- Profession: Composer.
- Residences: Foggia.
- Relation to Mahler:
- Correspondence with Mahler: Yes.
- Born: 28-08-1867 Foggia, Italy.
- Died: 12-11-1948 Milan, Italy. Aged 81.
- Buried: Monumentale cemetery, Milan, Italy.
Umberto Menotti Maria Giordano was an Italian composer, mainly of operas. He was born in Foggia in Apulia, southern Italy, and studied under Paolo Serrao at the Conservatoire of Naples. His first opera, Marina, was written for a competition promoted by the music publishers Casa Sonzogno for the best one-act opera, remembered today because it marked the beginning of Italian verismo; the winner was Mascagni’s Cavalleria rusticana. Giordano, the youngest contestant, was placed sixth among seventy-three entries with his Marina, a work which generated enough interest for Sonzogno to commission the staging of an opera based on it in the 1891/1892 season.
The result was Mala Vita, a gritty verismo opera about a labourer who vows to reform a prostitute if he is cured of his tuberculosis. This work caused something of a scandal when performed at the Teatro Argentina, Rome, in February 1892. It played successfully in Vienna, Prague, and Berlin, and was re-written as Il Voto a few years later, in an attempt to raise interest in the work again.
Giordano tried a more romantic topic with his next opera, Regina Diaz, with a libretto by Giovanni Targioni-Tozzetti and Guido Menasci (1894), but this was a failure, taken off the stage after just two performances.
Giordano then moved to Milan and returned to verismo with his best-known work, Andrea Chénier (1896), based on the life of the French poet André Chénier. Fedora (1898), based on Victorien Sardou’s play, featured a rising young tenor named Enrico Caruso; it was also a success, and is still performed today. His later works are much less known, but occasionally revived and in the case of La cena delle beffe (based on the play of the same title by Sem Benelli) recognised by musicologists and critics with some respect.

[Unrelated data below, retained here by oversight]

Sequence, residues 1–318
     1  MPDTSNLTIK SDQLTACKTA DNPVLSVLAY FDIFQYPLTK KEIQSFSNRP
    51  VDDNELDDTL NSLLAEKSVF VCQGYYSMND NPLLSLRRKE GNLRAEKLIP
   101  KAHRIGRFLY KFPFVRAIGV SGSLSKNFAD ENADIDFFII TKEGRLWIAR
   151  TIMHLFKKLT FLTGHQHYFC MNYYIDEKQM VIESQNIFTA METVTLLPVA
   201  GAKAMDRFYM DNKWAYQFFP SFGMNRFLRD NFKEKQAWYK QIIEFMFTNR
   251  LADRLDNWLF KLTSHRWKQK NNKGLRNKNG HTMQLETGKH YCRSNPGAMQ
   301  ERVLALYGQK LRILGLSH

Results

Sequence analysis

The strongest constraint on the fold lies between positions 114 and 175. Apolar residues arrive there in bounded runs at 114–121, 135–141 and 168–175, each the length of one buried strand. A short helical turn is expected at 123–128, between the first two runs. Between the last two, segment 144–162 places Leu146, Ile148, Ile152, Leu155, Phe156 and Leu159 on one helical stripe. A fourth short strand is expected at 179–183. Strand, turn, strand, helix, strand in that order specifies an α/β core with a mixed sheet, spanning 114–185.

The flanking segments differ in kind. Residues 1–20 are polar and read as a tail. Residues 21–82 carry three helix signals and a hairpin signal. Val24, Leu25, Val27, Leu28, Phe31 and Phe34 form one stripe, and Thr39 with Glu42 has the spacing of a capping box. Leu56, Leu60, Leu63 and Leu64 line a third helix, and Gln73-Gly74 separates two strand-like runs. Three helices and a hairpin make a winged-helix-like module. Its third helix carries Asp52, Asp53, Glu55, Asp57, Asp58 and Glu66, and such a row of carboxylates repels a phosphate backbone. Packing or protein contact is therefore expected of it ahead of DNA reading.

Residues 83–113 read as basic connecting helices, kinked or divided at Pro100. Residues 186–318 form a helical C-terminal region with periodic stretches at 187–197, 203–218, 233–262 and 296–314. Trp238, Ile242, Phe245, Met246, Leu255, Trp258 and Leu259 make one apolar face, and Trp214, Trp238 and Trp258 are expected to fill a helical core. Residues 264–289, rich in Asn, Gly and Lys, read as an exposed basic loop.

The most important theater in his home town of Foggia has been dedicated to Umberto Giordano. A square in Foggia is also named after him and contains several statues representing his most famous works.
Composer. A leader of the “verismo”, or “realistic” movement of Italian opera. His music is notable for its vigorous melodies and dramatic effectiveness. He is best known for “Andrea Chenier” (1896). Giordano was born in Foggia, Italy. He became a musician against his father’s wishes and studied rather erratically at the Naples Conservatory between 1880 and 1890, supporting himself as a stagehand.
In 1889 he entered a competition for a one-act opera sponsored by the publisher Sonzogno; he lost to Mascagni’s landmark “Cavalleria Rusticana”, but was deemed promising enough to receive a contract. His first official stage work, “Mala Vita” (1892), provoked a riot with its grim story of prostitution and his second, “Regina Diaz” (1894), closed after two performances. Only Mascagni’s intervention persuaded Sonzogno to give the composer one more chance.
The result was Giordano’s masterpiece, “Andrea Chenier”. Based on the life of the 18th Century French poet, who was guillotined during the Reign of Terror, it immediately entered the world repertory and has never left it. Its arias “Un di all’azzurro spazio”, “Si, fui soldato”, “Come un bel di di maggio”, and “La mama morta” are still popular recital pieces.
He had another smash with “Fedora” (1898), which brought stardom to an unknown tenor, Enrico Caruso. Giordano later attributed the singer’s success to his personal coaching in vocal technique, claiming “I made a new Caruso out of him”. Of his seven other operas only “Siberia” (1903) and the comedy “Il Re” (1929) enjoyed fleeting popularity. He died in Milan. Fascinated with recording technology, Giordano was a co-founder of the Discoteca di Stato, Italy’s principal archive of historical recordings. A theatre and a square in his native Foggia are named for him.